Awesome Stuff: Multi-Tool Time

from the tooling-around dept

For this week’s awesome stuff post, we decided to look at some multi-tool offerings. There are actually a lot of multi-tool crowdfunding projects out there, with a bunch of them just being a single simple multi-tool. This post is certainly not meant to be a comprehensive listing of all, but rather to pick a few that were a little different and distinct.

  • First up are the Ti2 Para-Biners, combining the concept of a multitool with a carabiner. It seriously looks indestructible and would probably be the last carabiner you’d ever need.
    These don’t go cheap, as you’re starting at $43 for the cheapest model, but there certainly appears to be quite a bit of demand for these things. With about three weeks left to go, the project has already zoomed way past its $10,000 target to around $60,000.
  • Next up, we’ve got the Silverback 12+ function multi-tool and minimalist wallet. There are a lot of card-style multitools out there, but this one definitely has an awful lot built into a single tool plus, on top of that, the ability to double as a minimalist wallet. Of course, if you use it as a wallet, it might make it a little more annoying to make use of the tools part, since you may have to dump the contents of your wallet first.
    I kind of like the fact that they kept the pricing on this one pretty straightforward and simple, rather than having a ton of different tiers. And, frankly, it seems pretty cheap for what you get — so I’m a bit surprised that its only raised around $1,000 of the $3,500 they’re seeking. There’s still a month and a half to go, and if the project creator can actually drum up some attention (kids: don’t forget, you need to market your Kickstarter too), it seems likely to go over the target, though perhaps not by that much.
  • I already mentioned how many card-style multi-tools there are out there, but the offering from Tuls is interesting in that it’s actually a set of four different mutli-tool cards, so you can have a nice set. The names of the four tools — Roul, Stan, Lucy and Opie are all kind of amusing once you figure out the main purpose of each tool (though, the Opie tool seems almost too minimalist here, and it makes you wonder why the Stan tool can’t do what the Opie tool does).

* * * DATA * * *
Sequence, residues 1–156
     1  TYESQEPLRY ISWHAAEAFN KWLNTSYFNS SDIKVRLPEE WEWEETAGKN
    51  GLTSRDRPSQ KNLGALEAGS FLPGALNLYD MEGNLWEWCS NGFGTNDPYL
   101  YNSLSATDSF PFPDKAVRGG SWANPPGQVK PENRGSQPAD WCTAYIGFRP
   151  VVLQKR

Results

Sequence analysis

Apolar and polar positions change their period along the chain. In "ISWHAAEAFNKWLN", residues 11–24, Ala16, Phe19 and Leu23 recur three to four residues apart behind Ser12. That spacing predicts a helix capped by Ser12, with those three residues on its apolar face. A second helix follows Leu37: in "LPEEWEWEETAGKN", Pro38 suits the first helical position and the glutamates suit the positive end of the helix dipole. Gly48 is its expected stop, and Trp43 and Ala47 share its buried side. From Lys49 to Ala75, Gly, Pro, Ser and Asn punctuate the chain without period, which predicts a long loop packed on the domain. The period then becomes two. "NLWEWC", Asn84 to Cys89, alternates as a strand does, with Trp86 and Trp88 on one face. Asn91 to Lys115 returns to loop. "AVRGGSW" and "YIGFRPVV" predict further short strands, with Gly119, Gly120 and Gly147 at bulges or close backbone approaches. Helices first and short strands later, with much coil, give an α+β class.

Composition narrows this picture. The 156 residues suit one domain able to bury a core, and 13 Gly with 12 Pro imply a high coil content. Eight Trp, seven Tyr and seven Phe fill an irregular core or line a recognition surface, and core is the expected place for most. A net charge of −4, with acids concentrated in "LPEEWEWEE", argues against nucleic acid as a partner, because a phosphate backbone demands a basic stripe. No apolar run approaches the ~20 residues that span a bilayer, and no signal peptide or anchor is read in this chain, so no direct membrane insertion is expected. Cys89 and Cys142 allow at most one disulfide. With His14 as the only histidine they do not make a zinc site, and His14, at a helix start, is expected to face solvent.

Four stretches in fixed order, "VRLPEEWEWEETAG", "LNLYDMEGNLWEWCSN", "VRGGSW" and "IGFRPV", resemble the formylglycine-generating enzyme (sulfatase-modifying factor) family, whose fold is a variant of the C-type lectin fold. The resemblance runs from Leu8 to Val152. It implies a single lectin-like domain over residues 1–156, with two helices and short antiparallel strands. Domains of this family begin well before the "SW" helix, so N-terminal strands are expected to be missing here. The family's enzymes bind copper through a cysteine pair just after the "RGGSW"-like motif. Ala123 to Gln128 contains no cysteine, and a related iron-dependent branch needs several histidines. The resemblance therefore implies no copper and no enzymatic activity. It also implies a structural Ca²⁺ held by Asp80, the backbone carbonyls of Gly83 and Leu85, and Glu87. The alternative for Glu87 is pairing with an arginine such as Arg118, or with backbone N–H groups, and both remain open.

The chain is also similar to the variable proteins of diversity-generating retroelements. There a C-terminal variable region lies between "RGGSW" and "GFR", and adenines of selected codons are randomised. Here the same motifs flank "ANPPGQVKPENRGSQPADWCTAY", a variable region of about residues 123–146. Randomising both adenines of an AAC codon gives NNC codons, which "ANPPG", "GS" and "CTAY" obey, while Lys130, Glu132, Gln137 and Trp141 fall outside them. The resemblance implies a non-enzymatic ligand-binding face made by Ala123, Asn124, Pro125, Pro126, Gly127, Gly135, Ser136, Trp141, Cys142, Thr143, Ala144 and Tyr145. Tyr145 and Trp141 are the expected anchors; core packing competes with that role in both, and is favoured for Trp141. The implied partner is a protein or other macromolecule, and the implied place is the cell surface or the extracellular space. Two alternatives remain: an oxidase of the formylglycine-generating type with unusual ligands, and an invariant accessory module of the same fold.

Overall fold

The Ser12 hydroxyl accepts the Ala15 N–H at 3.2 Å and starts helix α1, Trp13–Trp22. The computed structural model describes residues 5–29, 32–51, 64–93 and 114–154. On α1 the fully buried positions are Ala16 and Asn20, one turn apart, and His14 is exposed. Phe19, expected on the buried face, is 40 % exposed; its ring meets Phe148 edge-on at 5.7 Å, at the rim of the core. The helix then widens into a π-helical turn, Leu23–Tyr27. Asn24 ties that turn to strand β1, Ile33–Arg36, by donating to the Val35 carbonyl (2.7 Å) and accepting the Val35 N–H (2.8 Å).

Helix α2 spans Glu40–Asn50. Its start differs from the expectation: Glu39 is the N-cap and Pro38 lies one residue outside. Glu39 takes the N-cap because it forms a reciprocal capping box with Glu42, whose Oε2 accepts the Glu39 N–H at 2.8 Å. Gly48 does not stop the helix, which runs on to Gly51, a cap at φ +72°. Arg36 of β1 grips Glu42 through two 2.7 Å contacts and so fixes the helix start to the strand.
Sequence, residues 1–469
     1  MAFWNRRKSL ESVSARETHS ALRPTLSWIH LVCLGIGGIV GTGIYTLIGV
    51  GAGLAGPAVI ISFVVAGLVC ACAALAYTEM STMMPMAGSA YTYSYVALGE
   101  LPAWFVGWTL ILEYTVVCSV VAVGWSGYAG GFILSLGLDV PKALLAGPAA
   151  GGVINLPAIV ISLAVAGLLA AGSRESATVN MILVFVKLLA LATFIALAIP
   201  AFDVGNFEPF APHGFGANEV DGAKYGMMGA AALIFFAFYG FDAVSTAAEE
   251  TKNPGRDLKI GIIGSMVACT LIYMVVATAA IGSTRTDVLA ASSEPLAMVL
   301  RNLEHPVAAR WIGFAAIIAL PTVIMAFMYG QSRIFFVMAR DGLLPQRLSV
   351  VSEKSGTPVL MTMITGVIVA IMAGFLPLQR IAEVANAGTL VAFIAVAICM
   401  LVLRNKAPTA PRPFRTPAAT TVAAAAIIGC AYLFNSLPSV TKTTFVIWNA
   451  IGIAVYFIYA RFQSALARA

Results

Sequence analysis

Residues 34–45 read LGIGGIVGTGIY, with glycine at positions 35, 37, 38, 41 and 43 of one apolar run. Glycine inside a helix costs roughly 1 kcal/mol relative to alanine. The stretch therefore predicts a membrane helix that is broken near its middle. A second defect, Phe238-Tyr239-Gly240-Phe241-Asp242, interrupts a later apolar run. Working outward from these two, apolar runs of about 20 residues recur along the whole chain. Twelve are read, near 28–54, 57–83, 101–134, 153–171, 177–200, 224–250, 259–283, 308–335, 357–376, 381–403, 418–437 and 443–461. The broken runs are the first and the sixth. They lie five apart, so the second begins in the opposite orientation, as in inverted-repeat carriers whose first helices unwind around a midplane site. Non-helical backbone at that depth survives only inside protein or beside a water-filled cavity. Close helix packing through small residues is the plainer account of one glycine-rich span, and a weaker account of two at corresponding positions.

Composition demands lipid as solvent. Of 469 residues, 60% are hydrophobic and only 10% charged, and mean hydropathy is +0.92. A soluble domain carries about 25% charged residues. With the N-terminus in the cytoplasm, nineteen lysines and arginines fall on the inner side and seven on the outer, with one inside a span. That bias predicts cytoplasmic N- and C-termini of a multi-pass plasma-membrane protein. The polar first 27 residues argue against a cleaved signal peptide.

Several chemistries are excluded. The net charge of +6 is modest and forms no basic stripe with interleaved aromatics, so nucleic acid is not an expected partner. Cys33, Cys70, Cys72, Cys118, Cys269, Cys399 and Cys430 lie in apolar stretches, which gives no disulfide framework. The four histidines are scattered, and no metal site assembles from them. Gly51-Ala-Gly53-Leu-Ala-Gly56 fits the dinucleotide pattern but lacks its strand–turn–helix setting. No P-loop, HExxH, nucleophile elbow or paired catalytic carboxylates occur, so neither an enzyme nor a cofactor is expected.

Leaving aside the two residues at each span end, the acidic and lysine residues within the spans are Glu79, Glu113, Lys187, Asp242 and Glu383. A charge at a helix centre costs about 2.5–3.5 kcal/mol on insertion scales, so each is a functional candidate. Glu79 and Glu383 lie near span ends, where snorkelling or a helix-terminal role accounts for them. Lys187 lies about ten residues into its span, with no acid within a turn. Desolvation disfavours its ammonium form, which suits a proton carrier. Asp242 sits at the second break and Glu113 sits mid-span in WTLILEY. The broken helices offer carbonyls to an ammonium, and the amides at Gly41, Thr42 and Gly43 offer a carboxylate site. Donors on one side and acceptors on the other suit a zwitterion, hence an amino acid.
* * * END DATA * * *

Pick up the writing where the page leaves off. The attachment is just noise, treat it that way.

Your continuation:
While I like the concept of a multi-tool card set, this one seems kind of pricey. To actually get all four, you’re spending over $80. You can buy them in smaller combinations as well, and lots of people have. They’re already pushing $30,000 — way over their target of $1,500, so apparently lots and lots of other people disagree with me on the pricing being too high.
  • Finally, we’ve got one that isn’t quite as portable, but is effectively a basic toolbox in one device, called the Zeus multi-tool. Take the basic concept of a pocket knife, and expand it to larger tools — giving you a fold out saw, pliers, knife, adjustable screwdriver with 16 different sized bits, a hammer, a measuring tape and a detachable light. The thing that surprised me, slightly, was the hammer. I can’t recall seeing multi-tools that include a hammer. While they do spell out the dimensions, it would be nice to actually see it in someone’s hand, as that would give a better sense of how “handy” it actually is. From the description, I wonder if it’s too big, but without any images, it’s a little tough to tell. Also, I’ve been growing wary of projects that advertise how they’ve received a patent. I’d much rather someone is focusing on executing and building a great product, not spending times with their lawyers and getting a weapon to sue other innovators over.
    So far the Zeus is really struggling, raising just a few hundred dollars, despite the project being open for over a month. With less than three weeks to go, it’s unclear if it’ll make its $1,300 goal — but since it’s an IndieGoGo flex funds campaign, all money committed will go to the project’s owner. It’s unclear if he’ll still be able to produce the devices if there really are only a few orders (as I write this there are only six orders), so buyer beware. Either way, perhaps rather than getting a patent, they should have focused a bit more on marketing this and getting the word out.